Managing the exit from the pandemic crisis and challenges to a turnaround in 2021
- The recessionary impact of the pandemic, despite the efforts to adjust and target restrictions to changing developments, is partially offset by very strong fiscal support.
- The fiscal impulse in 2020 was c. €10.0 bn, equivalent to 6% of GDP, limiting the decline in FY:2020 GDP to 8.0% and promoting resilience in the labour market, with the unemployment rate declining to 16.5% in 11M:2020 compared with 17.3% in 2019. In fact, total compensation of employees declined by only 0.8% in FY:2020 and private consumption by only 4.7% in the same period.
- Q4:2020 and 2M:2021 data indicate that the second round of restrictions had a far milder negative impact on economic activity compared with Q2:2020, when the first lockdown was implemented (i.e. a decline in GDP of 7.9% y-o-y in Q4, +2.7% q-o-q, s.a., compared with -13.8% y-o-y in Q2:2020), in part assisted by increased familiarity with e-commerce (increasing by more than 80% y-o-y in value terms), as well as the resilience of public and private consumption, fixed investment and strong goods exports.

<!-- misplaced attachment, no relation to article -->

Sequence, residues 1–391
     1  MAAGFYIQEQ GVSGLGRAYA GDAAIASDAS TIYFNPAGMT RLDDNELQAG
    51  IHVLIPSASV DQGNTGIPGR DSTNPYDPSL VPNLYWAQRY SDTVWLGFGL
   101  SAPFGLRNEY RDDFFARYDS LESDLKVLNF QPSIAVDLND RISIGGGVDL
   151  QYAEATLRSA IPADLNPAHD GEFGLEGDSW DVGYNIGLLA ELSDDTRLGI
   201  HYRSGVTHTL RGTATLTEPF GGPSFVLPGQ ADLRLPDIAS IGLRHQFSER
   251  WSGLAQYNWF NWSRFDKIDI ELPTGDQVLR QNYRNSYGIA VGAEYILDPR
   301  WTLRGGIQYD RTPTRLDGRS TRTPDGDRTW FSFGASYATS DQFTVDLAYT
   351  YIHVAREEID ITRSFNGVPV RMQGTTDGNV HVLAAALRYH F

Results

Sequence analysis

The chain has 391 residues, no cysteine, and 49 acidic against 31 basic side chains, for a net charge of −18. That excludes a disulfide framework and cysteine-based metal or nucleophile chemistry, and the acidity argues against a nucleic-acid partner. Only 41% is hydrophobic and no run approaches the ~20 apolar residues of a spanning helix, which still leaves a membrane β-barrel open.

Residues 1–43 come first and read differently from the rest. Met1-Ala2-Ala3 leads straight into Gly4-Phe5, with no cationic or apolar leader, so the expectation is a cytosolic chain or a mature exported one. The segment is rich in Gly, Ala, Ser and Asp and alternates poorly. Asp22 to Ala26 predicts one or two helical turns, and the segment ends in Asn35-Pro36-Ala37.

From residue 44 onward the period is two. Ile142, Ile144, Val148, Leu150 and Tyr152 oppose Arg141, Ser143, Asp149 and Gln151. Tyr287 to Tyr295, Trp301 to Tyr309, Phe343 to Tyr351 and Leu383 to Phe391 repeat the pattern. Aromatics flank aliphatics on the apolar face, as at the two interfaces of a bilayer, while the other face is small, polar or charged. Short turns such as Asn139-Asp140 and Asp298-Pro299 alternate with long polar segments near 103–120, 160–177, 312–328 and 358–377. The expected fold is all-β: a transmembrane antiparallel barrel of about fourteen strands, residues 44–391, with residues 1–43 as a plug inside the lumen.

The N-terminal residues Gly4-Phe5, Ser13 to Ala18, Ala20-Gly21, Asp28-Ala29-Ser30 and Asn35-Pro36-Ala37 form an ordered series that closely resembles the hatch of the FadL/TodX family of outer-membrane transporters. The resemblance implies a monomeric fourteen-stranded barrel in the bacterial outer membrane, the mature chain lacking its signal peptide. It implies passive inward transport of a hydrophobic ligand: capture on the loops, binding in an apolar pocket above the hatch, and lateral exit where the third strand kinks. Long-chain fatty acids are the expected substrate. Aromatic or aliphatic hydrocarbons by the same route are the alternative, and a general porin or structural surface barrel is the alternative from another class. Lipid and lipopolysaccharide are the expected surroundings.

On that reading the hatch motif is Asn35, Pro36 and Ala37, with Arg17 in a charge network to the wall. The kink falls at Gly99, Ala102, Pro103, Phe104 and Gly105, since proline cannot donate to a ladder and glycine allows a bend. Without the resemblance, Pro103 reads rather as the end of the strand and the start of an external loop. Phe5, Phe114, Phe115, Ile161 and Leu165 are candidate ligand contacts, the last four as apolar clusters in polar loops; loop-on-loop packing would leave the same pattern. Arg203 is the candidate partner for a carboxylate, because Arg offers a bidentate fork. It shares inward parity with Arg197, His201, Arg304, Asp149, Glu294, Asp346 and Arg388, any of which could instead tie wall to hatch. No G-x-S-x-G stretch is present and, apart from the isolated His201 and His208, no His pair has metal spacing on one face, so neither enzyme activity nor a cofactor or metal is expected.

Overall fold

- NBG's monthly indicator, estimating the trend in GDP on the basis of high-frequency data, points to a mild contraction in Q1:2021 GDP by -1.3% q-o-q, s.a. (-9.5% y-o-y) combining a further pick-up in activity in January 2021, coinciding with the temporary easing of restrictions on retail trade, followed by a decline (-1.9% m-o-m, s.a.) in February and a stabilization in March.
- For the rest of the year, average GDP growth is expected to exceed 10.0% y-o-y, despite the unfavourable starting point, supported by steady progress in vaccinations and a rebound in tourism activity from a very low base (+80% y-o-y according to our baseline scenario), with FY:2021 GDP growth of 4.7%.
- An additional stimulus in 2021 translates into a net fiscal impulse of 1.4% of GDP.
- Latent household and corporate demand will gradually support the recovery through an unwinding of the increase in savings and the spending of the credit expansion of 2020, respectively.
- Tourism will provide a push to the economic recovery (+1.8 pps in 2020 GDP growth), with Greece's major tourism markets leading the race to vaccinate their populations.